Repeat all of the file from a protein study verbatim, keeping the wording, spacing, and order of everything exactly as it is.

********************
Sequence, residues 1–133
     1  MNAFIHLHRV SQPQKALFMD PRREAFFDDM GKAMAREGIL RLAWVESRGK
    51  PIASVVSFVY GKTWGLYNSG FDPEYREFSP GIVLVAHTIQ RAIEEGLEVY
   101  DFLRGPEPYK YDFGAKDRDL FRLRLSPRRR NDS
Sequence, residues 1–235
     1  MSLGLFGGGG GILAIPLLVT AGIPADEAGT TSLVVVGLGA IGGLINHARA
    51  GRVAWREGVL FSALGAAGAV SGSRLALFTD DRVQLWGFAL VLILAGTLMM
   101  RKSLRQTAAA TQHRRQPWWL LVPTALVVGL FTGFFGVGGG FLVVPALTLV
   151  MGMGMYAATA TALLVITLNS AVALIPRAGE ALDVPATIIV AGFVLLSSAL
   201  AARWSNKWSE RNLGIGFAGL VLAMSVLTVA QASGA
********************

Sequence, residues 1–133
     1  MNAFIHLHRV SQPQKALFMD PRREAFFDDM GKAMAREGIL RLAWVESRGK
    51  PIASVVSFVY GKTWGLYNSG FDPEYREFSP GIVLVAHTIQ RAIEEGLEVY
   101  DFLRGPEPYK YDFGAKDRDL FRLRLSPRRR NDS
Sequence, residues 1–235
     1  MSLGLFGGGG GILAIPLLVT AGIPADEAGT TSLVVVGLGA IGGLINHARA
    51  GRVAWREGVL FSALGAAGAV SGSRLALFTD DRVQLWGFAL VLILAGTLMM
   101  RKSLRQTAAA TQHRRQPWWL LVPTALVVGL FTGFFGVGGG FLVVPALTLV
   151  MGMGMYAATA TALLVITLNS AVALIPRAGE ALDVPATIIV AGFVLLSSAL
   201  AARWSNKWSE RNLGIGFAGL VLAMSVLTVA QASGA